Members of the St Peter’s Basilica, Kumasi with the Apostolic Nuncio after mass
Members of the St Peter’s Basilica, Kumasi with the Apostolic Nuncio after mass

When Nuncio visited the Basilica in Kumasi

The Apostolic Nuncio to Ghana, Henryk Mieczysław Jagodziński, was at St. Peter’s Basilica, Kumasi, on the Nativity of Jesus Christ which fell on December 25, 2022.

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His visit was characterised by a solemn liturgy, coupled with a military and cultural display.

The Apostolic Nunciature to Ghana is an ecclesiastical office of the Catholic Church established in May 1973. 

It is a permanent diplomatic position of the Holy See. The occupant represents the Pope in Ghana and works with the bishops and other stakeholders on the development of the Catholic Church. 

Jagodziński is Polish by birth and he was ordained a Catholic priest on June 3, 1995. His appointment by the Holy Father, Pope Benedict, affirms Ghana’s cordial relationship with the Holy See. 

Celebration

The Basilica was filled with joy and celebrations on Christmas Day. Nuncio’s visit had been long anticipated and a lot of planning had gone into it; choir rehearsals, liturgical planning, etc.  

The Nuncio was welcomed by Archbishop Gabriel Justice Yaw Anokye and a joint parade was held by the Knights of St. John International & Ladies Auxiliary and the Knights and Ladies of Marshall. 

The Mass was participatory with the congregation responding actively or joining in the songs of praise. 

The St. Peter’s Choir sang various Latin songs and gave the congregation a feel of how the angels sing praises to God. 

All societies were in their regalia, and the Nuncio wore a colourful kente-designed cassock.

He sat on an asipim (an Ashanti king’s royal chair), under an ombrellino, (red umbrella, historically used to shade the Pope). He was flanked by priests and Mass servers who also supported the liturgy.

Asante cultural display

Kumasi is the cultural hub of Asante and the seat of the Asantehene. History narrates that the Presbyterians pioneered Christian missions in Kumasi and the rest of Asante. Later when the Catholic missionaries arrived, there was no land close to Manhyia but the church accepted an area up the hill. 

The area was then christened the Roman Hill and it serves as the seat of the bishop. Vatican II encouraged the incorporation of indigenous values into Christianity, with the intention of helping the African Christians to identify easily with the new religion through its customs and traditions.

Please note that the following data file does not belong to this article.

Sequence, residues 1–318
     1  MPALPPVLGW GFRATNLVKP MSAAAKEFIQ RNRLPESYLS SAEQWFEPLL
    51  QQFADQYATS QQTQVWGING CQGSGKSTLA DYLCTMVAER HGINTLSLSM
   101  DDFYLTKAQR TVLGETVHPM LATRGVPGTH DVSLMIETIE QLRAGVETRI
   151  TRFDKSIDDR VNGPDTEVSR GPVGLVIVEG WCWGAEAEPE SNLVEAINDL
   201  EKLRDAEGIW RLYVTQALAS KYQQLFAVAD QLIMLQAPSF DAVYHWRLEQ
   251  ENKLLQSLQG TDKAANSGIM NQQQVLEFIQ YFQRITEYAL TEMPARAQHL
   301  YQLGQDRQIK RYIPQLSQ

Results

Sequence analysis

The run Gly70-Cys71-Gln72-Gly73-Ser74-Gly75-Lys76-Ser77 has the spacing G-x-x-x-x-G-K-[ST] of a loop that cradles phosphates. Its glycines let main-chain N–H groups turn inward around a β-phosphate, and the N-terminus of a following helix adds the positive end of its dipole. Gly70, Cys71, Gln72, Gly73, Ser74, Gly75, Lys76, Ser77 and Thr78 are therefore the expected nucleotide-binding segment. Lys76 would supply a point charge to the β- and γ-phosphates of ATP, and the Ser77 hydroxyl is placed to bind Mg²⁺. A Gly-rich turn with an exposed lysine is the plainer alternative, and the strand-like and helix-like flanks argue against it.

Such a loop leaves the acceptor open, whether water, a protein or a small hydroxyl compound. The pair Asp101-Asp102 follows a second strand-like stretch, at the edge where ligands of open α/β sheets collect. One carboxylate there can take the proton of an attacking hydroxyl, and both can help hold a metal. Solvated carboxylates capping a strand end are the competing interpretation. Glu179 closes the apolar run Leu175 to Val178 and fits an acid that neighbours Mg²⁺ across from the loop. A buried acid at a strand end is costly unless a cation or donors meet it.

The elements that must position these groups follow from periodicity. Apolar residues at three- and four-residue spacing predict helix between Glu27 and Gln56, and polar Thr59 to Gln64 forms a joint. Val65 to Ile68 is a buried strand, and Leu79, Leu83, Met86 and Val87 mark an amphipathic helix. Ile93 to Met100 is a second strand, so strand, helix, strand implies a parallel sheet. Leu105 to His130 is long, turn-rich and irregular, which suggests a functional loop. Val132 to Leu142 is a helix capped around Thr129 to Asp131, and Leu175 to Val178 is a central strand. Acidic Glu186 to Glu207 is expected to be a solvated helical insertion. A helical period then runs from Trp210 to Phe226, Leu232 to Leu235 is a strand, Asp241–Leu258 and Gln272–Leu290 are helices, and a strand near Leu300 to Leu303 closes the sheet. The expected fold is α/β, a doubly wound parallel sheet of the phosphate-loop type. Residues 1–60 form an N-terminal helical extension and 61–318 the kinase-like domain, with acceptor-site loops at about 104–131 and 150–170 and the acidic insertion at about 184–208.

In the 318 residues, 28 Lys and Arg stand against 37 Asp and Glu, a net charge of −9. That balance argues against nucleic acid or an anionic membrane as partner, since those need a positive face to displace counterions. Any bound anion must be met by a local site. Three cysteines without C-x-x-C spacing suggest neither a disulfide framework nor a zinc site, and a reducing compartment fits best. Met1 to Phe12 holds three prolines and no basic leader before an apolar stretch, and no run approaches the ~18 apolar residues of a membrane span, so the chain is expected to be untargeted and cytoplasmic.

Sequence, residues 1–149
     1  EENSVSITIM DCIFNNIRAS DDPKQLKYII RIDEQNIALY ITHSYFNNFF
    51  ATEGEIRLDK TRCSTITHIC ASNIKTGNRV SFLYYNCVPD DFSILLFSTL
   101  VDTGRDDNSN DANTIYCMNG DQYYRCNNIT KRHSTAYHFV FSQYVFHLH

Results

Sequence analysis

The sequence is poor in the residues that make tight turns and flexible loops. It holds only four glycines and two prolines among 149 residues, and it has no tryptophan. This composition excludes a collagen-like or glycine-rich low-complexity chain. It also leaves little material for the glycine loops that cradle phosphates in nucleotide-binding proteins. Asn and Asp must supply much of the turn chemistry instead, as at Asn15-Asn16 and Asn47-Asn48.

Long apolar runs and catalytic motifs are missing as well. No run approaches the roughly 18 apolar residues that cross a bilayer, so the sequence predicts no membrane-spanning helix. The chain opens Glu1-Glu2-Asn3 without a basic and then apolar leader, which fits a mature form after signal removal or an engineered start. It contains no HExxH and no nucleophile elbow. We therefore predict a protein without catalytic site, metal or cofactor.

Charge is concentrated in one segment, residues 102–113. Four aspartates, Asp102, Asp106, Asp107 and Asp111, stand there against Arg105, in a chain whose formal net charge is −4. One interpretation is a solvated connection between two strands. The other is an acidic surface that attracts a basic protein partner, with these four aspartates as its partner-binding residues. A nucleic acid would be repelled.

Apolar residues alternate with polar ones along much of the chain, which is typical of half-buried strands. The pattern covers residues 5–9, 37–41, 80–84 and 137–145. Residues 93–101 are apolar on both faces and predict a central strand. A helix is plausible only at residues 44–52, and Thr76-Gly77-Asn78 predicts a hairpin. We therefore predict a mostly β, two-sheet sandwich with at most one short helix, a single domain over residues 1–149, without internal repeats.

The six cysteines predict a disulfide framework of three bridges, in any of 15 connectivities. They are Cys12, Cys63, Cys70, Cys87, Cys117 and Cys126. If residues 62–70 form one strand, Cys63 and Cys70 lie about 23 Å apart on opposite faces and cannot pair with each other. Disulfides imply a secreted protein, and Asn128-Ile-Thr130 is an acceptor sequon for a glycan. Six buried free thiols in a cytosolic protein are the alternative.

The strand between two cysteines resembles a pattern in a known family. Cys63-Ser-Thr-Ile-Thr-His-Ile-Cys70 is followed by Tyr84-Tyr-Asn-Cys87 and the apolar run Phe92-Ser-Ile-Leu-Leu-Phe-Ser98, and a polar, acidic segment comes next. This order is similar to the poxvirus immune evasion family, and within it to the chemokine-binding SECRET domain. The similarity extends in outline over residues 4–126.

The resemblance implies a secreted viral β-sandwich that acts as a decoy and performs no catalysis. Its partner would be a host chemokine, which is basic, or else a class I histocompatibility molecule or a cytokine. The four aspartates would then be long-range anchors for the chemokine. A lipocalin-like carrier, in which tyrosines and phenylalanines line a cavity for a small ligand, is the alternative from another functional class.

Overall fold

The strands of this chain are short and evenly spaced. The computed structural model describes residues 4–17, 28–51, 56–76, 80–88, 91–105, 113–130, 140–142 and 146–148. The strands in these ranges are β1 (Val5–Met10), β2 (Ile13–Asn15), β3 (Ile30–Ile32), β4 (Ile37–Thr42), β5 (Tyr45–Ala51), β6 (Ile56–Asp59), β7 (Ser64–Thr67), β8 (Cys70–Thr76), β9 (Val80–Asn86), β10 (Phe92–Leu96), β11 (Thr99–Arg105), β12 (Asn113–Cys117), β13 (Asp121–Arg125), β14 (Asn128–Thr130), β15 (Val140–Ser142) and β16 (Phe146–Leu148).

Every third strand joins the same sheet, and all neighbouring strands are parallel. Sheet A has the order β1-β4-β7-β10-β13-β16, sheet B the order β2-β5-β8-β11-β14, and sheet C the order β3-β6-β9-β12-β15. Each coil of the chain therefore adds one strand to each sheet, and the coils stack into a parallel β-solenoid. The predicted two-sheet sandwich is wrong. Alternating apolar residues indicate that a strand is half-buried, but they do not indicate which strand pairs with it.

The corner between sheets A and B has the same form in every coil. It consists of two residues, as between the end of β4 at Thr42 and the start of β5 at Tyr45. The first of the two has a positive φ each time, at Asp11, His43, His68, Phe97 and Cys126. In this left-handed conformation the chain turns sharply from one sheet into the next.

Bishop Emeritus Kwasi Sarpong, with support from the then Asante Diocesan Liturgical Committee, worked assiduously to fuse “Asante way of life with Christian ritual practice”. He translated the Order of Mass from Latin to Asante Twi. He also infused Asante music and dance into the Catholic way of service. 

One hundred and forty years after the establishment of the Catholic Faith in Asante, there is a full manifestation of the implantation of Asante culture into Catholicism. 

There was drumming of kete (Asante king’s drum) and dancing of adowa (dance form) to welcome the Nuncio, during the consecration and offertory procession. The dance communicated special messages and the Nuncio nodded to the rhythms and movements.

The Nuncio later joined Otumfuo Osei Tutu II, Asantehene, in celebrating Akwasidae at Manhyia Palace.

Knights, Ladies

Papal Knights and Dames, Knights of St. John International & Ladies Auxiliary, and the Knights of Marshall were in full regalia at the event. 

These are semi-military orders that provide colour, security, and orderliness to the Mass. The Papal Knights and Dames are distinguished Catholics who are honoured by the Pope for their immense contribution to the development of the church in their spheres of specialisation; industry, education, governance, etc. 

They mostly flank the bishop(s) in processions. The Knights of St. John and Marshalls are also Orders in the church that support the church for God and country. 

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The Knights and Ladies jointly formed the parade and supported various processions and guards at the Mass. This brought order and safety to the celebration.

Population census concerns

The Nuncio also expressed concern about the declining number of Catholics in Ghana. According to the 2020 Population and Housing Census, Pentecostal/Charismatic Christians were the largest religious group in Ghana, with a share of 31.6 per cent. 

This represents over 9.7 million of the entire population. This is followed by Islam with nearly 20 per cent of the entire population. 

However, Catholic statistics have decreased from 13.1 per cent in 2010 to 10 per cent of the entire population.

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In response, Archbishop Gabriel Anokye encouraged the church and the lay faithful to create opportunities for other Catholics to be engaged . 
That, he asserted, would empower Catholics.

The writer is a Communications professional/member of the Knights of St. John International and Ladies Auxiliary at the University of Ghana. 
E-mail: [email protected] 

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